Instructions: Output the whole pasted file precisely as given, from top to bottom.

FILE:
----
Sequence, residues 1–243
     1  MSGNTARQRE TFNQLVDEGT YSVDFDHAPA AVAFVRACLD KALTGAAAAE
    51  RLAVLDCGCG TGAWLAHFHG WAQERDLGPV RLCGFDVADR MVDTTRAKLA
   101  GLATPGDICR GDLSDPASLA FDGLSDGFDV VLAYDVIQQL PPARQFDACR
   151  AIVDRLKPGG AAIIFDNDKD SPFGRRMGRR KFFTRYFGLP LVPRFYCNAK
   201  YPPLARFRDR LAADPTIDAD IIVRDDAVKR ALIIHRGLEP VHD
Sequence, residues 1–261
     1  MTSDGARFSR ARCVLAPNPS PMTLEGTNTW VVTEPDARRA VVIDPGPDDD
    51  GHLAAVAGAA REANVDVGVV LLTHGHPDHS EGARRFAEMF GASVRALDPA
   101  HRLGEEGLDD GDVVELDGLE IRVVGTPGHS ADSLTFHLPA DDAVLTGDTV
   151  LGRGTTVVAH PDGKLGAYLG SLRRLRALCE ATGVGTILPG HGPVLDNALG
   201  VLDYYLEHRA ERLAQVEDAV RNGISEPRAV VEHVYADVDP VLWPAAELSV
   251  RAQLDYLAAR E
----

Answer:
Sequence, residues 1–243
     1  MSGNTARQRE TFNQLVDEGT YSVDFDHAPA AVAFVRACLD KALTGAAAAE
    51  RLAVLDCGCG TGAWLAHFHG WAQERDLGPV RLCGFDVADR MVDTTRAKLA
   101  GLATPGDICR GDLSDPASLA FDGLSDGFDV VLAYDVIQQL PPARQFDACR
   151  AIVDRLKPGG AAIIFDNDKD SPFGRRMGRR KFFTRYFGLP LVPRFYCNAK
   201  YPPLARFRDR LAADPTIDAD IIVRDDAVKR ALIIHRGLEP VHD
Sequence, residues 1–261
     1  MTSDGARFSR ARCVLAPNPS PMTLEGTNTW VVTEPDARRA VVIDPGPDDD
    51  GHLAAVAGAA REANVDVGVV LLTHGHPDHS EGARRFAEMF GASVRALDPA
   101  HRLGEEGLDD GDVVELDGLE IRVVGTPGHS ADSLTFHLPA DDAVLTGDTV
   151  LGRGTTVVAH PDGKLGAYLG SLRRLRALCE ATGVGTILPG HGPVLDNALG
   201  VLDYYLEHRA ERLAQVEDAV RNGISEPRAV VEHVYADVDP VLWPAAELSV
   251  RAQLDYLAAR E